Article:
Zambia’s wheat production is likely to drop by as much as 11 percent this season after power shortages curbed irrigation during the dry period when the crop is grown, a farmers’ group said.
The Zambia National Farmers Union expects output to decline to 300,000 metric tons to 330,000 tons from 338,000 tons last year, Kingsley Kaswende, a spokesman for the organization, said by e-mail. The harvest, which has just begun, will fall even as the planted area rose 14 percent, he said.
Zambia has been battling an electricity crisis due to poor leadership causing rolling blackouts that have been lasting as long as 14 hours. The nation will need to import the grain to meet its 2015-16 consumption of about 390,000 tons, Kaswende said.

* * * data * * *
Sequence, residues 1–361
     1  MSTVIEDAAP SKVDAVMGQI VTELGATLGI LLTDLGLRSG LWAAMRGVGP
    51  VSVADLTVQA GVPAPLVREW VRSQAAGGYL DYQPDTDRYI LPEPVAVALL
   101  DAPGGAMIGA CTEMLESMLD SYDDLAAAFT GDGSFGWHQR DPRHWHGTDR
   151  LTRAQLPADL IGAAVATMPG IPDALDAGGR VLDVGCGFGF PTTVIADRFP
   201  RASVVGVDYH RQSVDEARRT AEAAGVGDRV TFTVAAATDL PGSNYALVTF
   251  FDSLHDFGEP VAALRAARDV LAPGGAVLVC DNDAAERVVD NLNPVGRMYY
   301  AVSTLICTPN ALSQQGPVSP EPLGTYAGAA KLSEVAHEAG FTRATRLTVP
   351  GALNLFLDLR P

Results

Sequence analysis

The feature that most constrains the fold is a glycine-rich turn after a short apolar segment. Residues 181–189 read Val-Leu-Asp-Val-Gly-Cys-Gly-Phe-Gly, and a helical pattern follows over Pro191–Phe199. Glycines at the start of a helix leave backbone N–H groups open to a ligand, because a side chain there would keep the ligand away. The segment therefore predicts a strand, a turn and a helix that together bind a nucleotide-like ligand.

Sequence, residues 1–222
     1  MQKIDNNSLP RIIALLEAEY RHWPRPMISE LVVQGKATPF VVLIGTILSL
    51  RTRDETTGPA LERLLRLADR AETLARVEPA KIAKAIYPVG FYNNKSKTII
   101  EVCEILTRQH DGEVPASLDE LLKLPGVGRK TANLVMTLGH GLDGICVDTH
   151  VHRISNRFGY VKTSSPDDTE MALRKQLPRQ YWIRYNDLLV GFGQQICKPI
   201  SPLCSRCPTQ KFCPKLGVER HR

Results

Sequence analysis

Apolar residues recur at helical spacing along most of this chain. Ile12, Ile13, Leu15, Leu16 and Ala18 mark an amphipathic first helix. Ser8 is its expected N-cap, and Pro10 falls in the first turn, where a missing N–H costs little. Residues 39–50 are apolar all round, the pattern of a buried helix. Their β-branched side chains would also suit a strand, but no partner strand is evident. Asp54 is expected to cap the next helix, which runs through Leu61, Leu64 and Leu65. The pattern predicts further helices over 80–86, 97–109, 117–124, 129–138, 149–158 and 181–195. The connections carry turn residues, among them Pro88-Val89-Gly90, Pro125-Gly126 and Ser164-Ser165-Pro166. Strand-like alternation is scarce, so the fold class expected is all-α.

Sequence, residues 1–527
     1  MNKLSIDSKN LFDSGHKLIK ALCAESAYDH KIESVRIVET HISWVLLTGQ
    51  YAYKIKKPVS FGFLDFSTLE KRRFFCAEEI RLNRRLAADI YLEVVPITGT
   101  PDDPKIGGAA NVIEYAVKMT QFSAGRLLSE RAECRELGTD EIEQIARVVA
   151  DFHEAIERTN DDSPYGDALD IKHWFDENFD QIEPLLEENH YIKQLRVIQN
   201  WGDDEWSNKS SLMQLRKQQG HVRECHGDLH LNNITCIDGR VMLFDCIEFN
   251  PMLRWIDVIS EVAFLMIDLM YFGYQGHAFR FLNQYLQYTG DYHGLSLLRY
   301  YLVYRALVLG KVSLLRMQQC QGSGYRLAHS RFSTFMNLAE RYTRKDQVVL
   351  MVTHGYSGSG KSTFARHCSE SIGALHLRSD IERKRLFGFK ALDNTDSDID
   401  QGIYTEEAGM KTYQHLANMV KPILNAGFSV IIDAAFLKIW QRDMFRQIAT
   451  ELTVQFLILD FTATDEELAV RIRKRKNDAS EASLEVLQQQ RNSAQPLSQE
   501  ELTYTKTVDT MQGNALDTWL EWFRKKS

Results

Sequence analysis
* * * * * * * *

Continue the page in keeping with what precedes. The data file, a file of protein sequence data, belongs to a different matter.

“The reduction is attributed to load shedding, which affected irrigation, as all wheat is grown under irrigation,” he said, referring to blackouts.
Erratic rainfall led to a 22 percent decline in the corn harvest this year. The blackouts will also contribute to reduced supplies of copper in Africa’s second-biggest supplier, Barclays Plc wrote in a report on Friday. Full-year output of the metal may fall “well below” last year’s total of 708,000 tons, the bank estimated.
A 13.3 percent increase in bread prices was one of the main contributors to Zambia’s September yearly inflation that quickened to 7.7 percent, the fastest since January, John Kalumbi, director at the Central Statistical Office, told reporters Thursday. Prices for imported flour to make bread rose 20 percent from a year earlier, according to data from the agency.